Tuesday, May 17, 2011

Why I don't live in California

This just in from the inbox:

A southern California man was 51-50'd and placed under 72-hour psychiatric observation when it was found that he owned 100 guns and allegedly had a million rounds of ammunition stored in his home. The house also featured a secret escape tunnel.

By southern California standards, someone owning 100,000 rounds is considered "mentally unstable.

If he lived elsewhere:

In Arizona, . . . He'd be called "an avid gun collector."

In Texas , . .. . He'd be called "a novice gun collector."

In Utah, . .. .he'd be called "moderately well prepared," but they'd probably reserve judgment until they made sure that he had a corresponding quantity of stored food.

In Montana , . .. .he'd be called "The neighborhood 'Go-To' guy."

In Idaho , . . . He'd be called "a likely gubernatorial candidate."

In Washington, ……he'd be a "retired Policeman"

And, in Wyoming, . . . He'd be called "an eligible bachelor."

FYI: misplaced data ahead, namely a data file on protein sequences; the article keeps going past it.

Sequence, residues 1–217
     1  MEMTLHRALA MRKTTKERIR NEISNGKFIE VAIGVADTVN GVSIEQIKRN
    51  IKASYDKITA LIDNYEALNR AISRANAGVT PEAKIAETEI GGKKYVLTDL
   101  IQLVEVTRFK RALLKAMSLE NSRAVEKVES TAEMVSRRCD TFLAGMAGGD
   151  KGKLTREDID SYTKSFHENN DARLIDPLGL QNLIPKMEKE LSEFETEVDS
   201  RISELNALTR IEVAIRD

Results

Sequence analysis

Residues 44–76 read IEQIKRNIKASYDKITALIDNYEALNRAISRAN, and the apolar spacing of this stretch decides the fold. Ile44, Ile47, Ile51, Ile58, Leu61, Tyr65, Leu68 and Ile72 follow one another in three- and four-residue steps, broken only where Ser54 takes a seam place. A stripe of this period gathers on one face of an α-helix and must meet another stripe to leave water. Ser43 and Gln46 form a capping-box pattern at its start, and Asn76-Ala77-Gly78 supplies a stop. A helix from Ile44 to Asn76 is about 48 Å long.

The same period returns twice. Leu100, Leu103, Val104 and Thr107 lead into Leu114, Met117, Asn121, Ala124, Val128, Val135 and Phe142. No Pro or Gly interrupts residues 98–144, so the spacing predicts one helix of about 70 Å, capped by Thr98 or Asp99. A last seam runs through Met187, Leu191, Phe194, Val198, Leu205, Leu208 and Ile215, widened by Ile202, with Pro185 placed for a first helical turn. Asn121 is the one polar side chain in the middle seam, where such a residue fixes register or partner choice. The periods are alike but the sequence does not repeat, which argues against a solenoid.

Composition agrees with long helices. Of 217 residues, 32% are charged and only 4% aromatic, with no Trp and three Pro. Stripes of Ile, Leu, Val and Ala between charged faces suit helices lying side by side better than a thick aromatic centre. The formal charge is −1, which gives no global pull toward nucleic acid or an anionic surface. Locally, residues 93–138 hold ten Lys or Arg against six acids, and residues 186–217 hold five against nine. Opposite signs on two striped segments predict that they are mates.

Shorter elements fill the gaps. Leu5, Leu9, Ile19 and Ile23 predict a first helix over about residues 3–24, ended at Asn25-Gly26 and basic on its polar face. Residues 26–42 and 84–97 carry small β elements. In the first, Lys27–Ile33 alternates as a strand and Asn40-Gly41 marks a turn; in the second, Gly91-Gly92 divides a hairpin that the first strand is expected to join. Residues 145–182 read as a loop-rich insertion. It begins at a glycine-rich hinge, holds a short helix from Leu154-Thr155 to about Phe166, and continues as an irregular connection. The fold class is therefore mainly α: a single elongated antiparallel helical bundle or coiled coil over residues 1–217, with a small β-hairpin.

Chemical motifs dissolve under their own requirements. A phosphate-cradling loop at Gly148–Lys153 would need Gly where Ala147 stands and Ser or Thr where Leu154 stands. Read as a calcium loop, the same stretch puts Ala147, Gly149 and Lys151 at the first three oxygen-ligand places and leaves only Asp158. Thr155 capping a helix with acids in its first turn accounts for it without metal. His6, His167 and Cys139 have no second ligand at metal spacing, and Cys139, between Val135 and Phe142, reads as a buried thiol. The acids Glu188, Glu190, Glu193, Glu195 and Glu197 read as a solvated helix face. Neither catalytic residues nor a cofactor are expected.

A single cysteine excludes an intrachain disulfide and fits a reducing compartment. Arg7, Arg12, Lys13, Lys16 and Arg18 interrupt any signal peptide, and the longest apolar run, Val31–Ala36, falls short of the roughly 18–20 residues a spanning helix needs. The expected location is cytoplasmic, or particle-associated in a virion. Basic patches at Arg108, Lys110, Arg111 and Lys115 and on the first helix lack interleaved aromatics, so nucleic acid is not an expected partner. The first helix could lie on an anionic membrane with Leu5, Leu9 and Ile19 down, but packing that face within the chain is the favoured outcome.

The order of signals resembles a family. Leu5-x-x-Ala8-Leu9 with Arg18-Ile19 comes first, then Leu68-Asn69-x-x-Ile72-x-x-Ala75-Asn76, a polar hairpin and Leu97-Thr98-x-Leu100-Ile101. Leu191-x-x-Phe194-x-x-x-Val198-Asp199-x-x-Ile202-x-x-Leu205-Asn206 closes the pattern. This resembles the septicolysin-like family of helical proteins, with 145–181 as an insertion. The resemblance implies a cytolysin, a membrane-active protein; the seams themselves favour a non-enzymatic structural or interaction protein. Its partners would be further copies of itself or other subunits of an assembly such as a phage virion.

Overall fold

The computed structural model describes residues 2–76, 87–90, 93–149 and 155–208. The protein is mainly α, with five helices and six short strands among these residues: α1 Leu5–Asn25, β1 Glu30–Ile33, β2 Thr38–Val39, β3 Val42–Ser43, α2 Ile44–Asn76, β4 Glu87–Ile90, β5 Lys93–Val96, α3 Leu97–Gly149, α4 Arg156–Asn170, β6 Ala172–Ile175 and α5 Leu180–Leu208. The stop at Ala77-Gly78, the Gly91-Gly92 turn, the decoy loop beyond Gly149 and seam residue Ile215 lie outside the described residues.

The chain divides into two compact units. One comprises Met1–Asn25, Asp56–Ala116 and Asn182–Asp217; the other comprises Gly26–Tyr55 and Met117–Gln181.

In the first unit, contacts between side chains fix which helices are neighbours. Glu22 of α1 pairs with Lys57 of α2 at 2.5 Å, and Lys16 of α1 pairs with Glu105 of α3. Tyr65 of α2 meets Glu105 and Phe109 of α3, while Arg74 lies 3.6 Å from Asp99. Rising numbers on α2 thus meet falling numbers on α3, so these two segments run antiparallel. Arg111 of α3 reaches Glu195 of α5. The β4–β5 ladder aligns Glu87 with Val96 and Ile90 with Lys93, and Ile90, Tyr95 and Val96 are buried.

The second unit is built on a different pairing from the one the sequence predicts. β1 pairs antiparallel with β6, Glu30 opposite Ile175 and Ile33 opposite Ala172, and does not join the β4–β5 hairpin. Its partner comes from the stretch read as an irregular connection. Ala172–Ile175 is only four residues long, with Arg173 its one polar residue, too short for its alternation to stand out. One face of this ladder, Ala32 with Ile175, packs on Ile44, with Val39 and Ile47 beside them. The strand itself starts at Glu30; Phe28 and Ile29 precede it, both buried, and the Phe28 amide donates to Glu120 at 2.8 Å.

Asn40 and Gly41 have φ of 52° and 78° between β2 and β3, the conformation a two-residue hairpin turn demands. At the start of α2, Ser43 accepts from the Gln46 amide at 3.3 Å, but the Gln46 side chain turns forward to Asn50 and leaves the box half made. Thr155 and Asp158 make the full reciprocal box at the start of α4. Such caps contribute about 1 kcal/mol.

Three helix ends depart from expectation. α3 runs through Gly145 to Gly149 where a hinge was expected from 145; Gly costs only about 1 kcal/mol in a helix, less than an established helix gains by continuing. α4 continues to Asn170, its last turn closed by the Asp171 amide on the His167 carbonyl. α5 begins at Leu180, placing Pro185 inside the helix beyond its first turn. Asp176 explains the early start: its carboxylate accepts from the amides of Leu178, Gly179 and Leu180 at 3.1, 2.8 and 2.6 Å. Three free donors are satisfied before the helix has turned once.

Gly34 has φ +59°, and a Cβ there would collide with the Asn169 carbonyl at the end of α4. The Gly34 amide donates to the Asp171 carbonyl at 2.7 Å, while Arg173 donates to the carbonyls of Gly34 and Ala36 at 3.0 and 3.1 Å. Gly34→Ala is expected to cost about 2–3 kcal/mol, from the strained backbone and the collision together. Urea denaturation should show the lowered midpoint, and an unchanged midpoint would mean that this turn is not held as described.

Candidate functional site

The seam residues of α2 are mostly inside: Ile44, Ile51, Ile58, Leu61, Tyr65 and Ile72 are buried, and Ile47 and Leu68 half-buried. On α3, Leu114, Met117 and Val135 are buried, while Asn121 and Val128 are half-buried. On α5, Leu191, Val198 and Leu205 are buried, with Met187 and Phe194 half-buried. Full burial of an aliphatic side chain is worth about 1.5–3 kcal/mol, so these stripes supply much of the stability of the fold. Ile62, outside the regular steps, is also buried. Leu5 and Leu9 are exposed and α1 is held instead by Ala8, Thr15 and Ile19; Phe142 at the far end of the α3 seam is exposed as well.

~ Author unknown

2 comments:

BBat50 said...

I think this is a great post. I just don't understand why guns, unlike cars, don't have to be registered.

And why gun owners, like drivers, aren't required to be licensed.

Above all else, I have trouble understanding this part of my country's DNA.

Annalea said...

Thanks, BBat50.

Actually, cars weren't ever supposed to be registered in the first place. And licensing of private drivers was an over-extension of the laws for commercial driving licensure. But there's a long backstory for those statements . . . way too long for a comment. ;o)

Historically-speaking, every country that has ever confiscated guns and/or imprisoned gun owners has had registration of guns and/or gun owners. Not requiring registration is a significant protection. That said, gun registration is required in most states, and many, many guns are registered. And THAT said, gun registration has NEVER contributed to lower crime.